- Institutions (businesses, exchanges etc.) and individuals
- Sender and receiver of a payment
- an application that supports sending payjoin
- to be online during the course of the payjoin process
The sender gains a privacy benefit from payjoin, generally at the cost of higher transaction fees.
- hot wallet
- funds in that hot wallet
- an application that supports receiving payjoin
- an endpoint that is online at the time of the transaction
The receiver stands to gain the following benefits:
- improved transaction privacy
- consolidated UTXO set
- fee savings
Sending payjoins #
Participating in payjoin transactions is relatively straightforward for a sender. They only need a supporting wallet and have to be online during the process.
Investigation: BlueWallet breakdown #
We analyzed the payjoin user flow in BlueWallet’s pioneering implementation from 2020. Read the detailed investigation.
Here are the findings:
- The fee rate drops once transaction size increases during the payjoin process, which may change estimated confirmation time
- The flow results in a transaction that has a round fee-rate after removing one input, which may be used by chain analysis firms to spot payjoins
The payjoin sender flow #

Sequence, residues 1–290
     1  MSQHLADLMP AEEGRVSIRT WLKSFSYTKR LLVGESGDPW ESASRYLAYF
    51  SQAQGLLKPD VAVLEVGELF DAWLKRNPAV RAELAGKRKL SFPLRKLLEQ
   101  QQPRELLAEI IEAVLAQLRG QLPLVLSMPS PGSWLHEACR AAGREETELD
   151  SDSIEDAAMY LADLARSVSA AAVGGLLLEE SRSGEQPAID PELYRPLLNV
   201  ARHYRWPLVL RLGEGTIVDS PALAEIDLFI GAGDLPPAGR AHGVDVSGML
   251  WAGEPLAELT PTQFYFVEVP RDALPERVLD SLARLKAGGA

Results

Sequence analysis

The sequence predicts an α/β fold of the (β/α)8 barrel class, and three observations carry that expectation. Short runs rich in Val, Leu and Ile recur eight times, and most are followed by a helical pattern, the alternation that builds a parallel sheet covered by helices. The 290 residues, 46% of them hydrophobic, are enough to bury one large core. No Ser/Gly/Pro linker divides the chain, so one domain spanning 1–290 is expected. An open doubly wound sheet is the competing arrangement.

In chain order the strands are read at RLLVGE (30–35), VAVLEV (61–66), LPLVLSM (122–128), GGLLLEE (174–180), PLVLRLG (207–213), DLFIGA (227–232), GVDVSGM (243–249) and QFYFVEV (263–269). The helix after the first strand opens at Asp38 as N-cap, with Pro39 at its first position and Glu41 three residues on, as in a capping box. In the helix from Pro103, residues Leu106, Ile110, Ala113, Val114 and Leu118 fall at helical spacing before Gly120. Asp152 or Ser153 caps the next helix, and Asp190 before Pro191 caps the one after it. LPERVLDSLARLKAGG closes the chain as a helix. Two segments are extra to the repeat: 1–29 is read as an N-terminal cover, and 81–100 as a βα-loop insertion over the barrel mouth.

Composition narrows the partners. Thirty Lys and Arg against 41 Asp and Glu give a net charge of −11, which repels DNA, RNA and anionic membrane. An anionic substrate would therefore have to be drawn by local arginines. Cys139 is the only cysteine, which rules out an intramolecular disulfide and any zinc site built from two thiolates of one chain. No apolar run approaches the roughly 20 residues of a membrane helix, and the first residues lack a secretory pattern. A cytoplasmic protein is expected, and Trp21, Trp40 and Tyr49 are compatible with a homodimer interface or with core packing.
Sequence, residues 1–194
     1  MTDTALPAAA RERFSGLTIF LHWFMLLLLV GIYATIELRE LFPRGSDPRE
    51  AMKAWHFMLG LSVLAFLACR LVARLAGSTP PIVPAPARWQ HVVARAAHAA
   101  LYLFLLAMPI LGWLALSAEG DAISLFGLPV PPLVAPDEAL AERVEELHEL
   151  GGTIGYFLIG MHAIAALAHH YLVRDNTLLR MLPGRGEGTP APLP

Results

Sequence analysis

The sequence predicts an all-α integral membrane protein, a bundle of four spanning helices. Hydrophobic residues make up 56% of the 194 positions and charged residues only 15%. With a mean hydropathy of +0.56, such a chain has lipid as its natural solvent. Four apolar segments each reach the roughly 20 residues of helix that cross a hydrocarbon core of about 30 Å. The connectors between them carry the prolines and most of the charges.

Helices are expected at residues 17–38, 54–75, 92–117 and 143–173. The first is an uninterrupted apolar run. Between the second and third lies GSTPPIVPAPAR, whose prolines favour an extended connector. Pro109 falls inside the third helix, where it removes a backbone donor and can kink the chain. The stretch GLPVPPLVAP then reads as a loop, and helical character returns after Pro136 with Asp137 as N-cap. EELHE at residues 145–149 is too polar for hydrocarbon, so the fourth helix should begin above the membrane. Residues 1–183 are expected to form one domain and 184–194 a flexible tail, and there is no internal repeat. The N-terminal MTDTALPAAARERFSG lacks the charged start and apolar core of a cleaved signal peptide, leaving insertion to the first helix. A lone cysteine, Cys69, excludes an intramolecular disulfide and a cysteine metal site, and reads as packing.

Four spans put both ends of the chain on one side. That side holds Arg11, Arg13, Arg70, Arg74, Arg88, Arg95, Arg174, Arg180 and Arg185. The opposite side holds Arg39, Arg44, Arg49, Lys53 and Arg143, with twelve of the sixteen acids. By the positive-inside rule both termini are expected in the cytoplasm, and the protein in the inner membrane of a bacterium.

We designed a sender flow that attempts to address the issues identified above.
For the purpose of creating the sender flow, we will assume that the receiver only contributes UTXOs, but does not contribute to the fees, since this allows a simple, automated process for both parties.
In short, the sender flow outlined here asks the user to choose a fee range instead of a fee amount (or fee rate), while keeping the rest of the user flow almost exactly the same. We use it to set 3 optional parameters specified in BIP-78, which can be used to construct a simple but effective payjoin implementation.
The detailed thought process can be read here.
View this flow in Figjam here. The detailed process and considerations can be reviewed in this FigJam file.
The payjoin handshake #
This term is being introduced to succinctly describe the automated back-and-forth process between the sender and the receiver – where the original PSBT, containing only the sender’s inputs is transformed into a signed, broadcastable transaction containing inputs from both parties.
The above steps are not important to the users involved in the transaction, and do not require specific user action from either the sender or receiver. More generally, the transacting parties need not even be aware that this is occurring, but must ensure they remain online during the process.
Prototypes for the payjoin sender flow #
The intention is to keep the user flow as close to the default flow as possible. Where it becomes necessary to deviate, we educate and help the user to navigate the UI.